Heiss, J (2009). How to explain access to the field. Lessons from fieldwork among the Yedina (or Buduma) of Lake Chad. Anthropos: internationale Zeitschrift für Völker- und Sprachenkunde, 104(1):25-40.
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In their articles, researchers describe how the identity that is assigned to them by the social group they are studying is the key criterion for determining a researcher’s ability to gain access to the field. They often explain this identity in relation to the historical external relations of the society being investigated. In this article, I will also attempt to portray the identity that the Yedina assigned to me during my field research, and which fundamentally determined my possibilities of gaining access to the field. However, at the same time, I wish to explain this identity not only in the context of the historical external relations but also in the light of the social, economic, and political structures of this ethnic group. In this way, I hope to show that the reasons for assigning identities to anthropologists require a much more in-depth discussion than has so far been the case in the aforementioned discourse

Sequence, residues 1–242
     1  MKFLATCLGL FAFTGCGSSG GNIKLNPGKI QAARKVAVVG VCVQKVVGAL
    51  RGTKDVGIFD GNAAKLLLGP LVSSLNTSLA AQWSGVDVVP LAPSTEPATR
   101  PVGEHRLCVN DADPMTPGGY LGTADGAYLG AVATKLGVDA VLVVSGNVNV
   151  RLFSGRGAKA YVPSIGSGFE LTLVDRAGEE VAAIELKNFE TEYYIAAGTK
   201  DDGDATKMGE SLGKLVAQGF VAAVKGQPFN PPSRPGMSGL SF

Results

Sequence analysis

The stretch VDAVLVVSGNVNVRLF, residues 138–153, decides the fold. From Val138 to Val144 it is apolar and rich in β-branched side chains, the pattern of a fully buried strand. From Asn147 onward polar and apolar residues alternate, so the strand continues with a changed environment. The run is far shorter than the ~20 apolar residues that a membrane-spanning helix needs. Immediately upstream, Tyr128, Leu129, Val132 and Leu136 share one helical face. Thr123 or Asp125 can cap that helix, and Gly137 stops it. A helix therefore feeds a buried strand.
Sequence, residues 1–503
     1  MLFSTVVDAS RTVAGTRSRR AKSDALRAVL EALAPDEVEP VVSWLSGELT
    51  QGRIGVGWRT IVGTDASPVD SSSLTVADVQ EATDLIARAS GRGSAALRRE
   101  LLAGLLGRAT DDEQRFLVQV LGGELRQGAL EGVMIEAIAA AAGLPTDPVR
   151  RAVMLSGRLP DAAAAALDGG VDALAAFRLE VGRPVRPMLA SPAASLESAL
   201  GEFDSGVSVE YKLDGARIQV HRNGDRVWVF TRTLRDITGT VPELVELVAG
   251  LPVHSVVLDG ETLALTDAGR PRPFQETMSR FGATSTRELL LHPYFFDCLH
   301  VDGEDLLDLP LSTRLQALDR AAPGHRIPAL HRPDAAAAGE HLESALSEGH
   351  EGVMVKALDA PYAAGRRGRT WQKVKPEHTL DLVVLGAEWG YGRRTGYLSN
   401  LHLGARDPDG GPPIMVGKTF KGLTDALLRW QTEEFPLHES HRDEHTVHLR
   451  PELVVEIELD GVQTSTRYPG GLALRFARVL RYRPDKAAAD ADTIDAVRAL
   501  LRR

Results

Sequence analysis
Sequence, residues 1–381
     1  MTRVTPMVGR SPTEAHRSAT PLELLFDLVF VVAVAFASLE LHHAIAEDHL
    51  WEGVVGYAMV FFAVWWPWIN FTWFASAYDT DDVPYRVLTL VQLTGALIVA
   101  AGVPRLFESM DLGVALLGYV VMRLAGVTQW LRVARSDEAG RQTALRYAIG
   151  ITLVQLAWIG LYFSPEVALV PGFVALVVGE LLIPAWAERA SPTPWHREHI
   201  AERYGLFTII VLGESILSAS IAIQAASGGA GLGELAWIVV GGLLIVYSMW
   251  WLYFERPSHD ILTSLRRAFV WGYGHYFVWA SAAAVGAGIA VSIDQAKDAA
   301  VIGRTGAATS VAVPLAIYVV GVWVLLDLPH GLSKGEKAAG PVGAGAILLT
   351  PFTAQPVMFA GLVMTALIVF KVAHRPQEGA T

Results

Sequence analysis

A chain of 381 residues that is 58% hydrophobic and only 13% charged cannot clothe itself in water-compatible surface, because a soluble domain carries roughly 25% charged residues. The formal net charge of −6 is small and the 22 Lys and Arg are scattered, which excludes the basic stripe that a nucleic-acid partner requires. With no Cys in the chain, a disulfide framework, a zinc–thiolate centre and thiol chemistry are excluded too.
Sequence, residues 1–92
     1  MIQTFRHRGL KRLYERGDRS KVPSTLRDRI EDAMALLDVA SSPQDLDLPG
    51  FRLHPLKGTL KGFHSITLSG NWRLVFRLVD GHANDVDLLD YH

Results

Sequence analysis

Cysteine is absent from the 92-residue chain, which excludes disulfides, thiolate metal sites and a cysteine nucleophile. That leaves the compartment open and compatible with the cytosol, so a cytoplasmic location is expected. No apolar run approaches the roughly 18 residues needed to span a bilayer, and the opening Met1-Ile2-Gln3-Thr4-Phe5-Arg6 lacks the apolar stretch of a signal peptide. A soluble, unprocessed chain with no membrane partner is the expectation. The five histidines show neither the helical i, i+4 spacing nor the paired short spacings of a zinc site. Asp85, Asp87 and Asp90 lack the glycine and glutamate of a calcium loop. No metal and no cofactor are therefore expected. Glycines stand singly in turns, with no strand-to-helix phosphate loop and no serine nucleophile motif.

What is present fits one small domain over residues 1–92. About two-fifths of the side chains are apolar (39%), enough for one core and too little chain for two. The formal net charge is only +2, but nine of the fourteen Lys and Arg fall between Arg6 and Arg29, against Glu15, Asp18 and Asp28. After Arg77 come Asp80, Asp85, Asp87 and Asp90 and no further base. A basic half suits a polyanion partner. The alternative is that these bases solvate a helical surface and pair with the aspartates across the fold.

|Item Type:||Journal Article, refereed, original work|
|Communities & Collections:||06 Faculty of Arts > Institute of Social Anthropology|
|DDC:||390 Customs, etiquette & folklore|
300 Social sciences, sociology & anthropology
|Deposited On:||02 Mar 2010 16:42|
|Last Modified:||27 Nov 2013 20:16|
|Related URLs:||http://www.paulusedition.ch/catalog/more_academic.php?id=790_0_2_0_M (Publisher)|
|Citations:||Web of Science®|
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